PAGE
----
LED by a small group of Gilgit Scouts, with the complete support and participation of the people of Gilgit-Baltistan, the armed revolt to liberate the region against the repressive Dogra lasted for more than a year. For a few days, an independent state of GB was formed in November 1947, which then made a formal request to the government of Pakistan for accession. The rajas of various small principalities and areas also voiced their assent to join Pakistan. The Pakistan government dispatched its representative and a few army officers under the able leadership of Muhammad Aslam Khan (alias Colonel Pasha). Under his command, parts of Gilgit and all of Baltistan was liberated. While this irregular formation of brave warriors was on the march to Leh and Kashmir valley, the United Nations passed a resolution calling for ceasefire.
All of GB had unconditionally acceded to Pakistan. Unfortunately, the political government of Pakistan decided its fate unilaterally instead of consulting with the local leadership. They did so by signing the infamous Karachi Agreement, 1949, with the Kashmiri leadership — who surrendered the administrative control of this vast region, which was inhabited by a patriotic and trusting people, without any attempts to guarantee their citizenship rights in Pakistan. Since then, the arbitrary rule of the federal government has carried on — the trust reposed in Pakistan through unconditional accession rewarded, in turn, with harsh bureaucratic rule that introduced the draconian, colonial-era Frontier Crime Regulations (FCR).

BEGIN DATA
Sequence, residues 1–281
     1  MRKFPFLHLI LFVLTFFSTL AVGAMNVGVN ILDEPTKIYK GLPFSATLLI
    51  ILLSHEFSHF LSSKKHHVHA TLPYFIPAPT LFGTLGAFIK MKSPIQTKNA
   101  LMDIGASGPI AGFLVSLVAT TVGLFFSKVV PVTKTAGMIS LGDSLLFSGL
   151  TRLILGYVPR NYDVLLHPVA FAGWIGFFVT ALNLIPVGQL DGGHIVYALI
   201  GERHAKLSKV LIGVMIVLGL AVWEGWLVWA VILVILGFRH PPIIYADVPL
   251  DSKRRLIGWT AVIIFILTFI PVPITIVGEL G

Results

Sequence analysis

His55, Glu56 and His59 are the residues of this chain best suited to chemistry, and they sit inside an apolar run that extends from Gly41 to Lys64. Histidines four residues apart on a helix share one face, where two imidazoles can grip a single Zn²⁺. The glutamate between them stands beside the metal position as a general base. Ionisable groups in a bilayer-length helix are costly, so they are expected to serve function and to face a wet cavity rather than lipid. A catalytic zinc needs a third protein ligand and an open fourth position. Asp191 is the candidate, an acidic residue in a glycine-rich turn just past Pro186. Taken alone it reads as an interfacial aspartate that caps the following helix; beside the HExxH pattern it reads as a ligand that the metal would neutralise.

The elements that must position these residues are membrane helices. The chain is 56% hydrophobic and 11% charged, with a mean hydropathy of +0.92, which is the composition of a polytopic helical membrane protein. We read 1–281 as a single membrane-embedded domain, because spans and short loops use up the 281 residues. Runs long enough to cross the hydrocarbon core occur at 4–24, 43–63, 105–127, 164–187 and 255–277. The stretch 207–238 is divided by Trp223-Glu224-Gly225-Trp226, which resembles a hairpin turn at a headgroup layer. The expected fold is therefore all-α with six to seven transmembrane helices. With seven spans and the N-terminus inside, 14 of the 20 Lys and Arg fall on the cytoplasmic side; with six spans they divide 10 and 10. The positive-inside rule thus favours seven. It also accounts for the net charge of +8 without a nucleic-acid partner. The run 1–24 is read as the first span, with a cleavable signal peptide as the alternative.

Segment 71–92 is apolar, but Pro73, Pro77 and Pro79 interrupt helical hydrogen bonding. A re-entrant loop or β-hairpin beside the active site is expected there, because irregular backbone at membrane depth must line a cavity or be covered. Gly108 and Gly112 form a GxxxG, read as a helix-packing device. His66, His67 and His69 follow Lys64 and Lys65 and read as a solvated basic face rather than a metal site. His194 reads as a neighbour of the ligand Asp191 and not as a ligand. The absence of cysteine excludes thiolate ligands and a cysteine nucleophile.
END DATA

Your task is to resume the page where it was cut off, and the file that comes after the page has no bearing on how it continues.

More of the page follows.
It was the visionary leadership of the PPP that recognised this region’s importance and the necessity of addressing the issue of its people’s rights. The PPP leadership abolished the FCR and the jagirdari system by putting an end to the established rule of rajas in the autonomous principalities in GB.
However, what has followed has been a sordid saga of broken promises and the repeated denial of constitutional rights to the people of GB on flimsy, fabricated grounds. The linchpin of these rationalisations is the linkage of the area with the Kashmir issue; the palliatives are cosmetic decrees of self-rule that echo imperial ‘constitutional reforms’ envisaged for India by the British Raj. Oddly, it was again the PPP that took a major step in granting at least a façade of self-rule and autonomy through the Gilgit-Baltistan (Empowerment and Self-Governance) Order, 2009.
The people of Gilgit-Baltistan have been waiting for full citizenship rights for almost 70 years.
Recently, against the backdrop of the China-Pakistan Economic Corridor and under intense pressure from civil society and locals, a committee was formed under the adviser of the Ministry of Foreign Affairs to examine the constitutional status of this region. Two years of procrastination and inaction on the part of the committee came to an end when the hand of the federal government was forced by the Indian leadership’s relentlessly belligerent campaign against the passage of CPEC through this area. The government of Pakistan was roused enough to make some half-hearted statements about addressing the issue of granting constitutional rights to the people of GB — without the intention of disturbing or altering its stance on the Kashmir issue.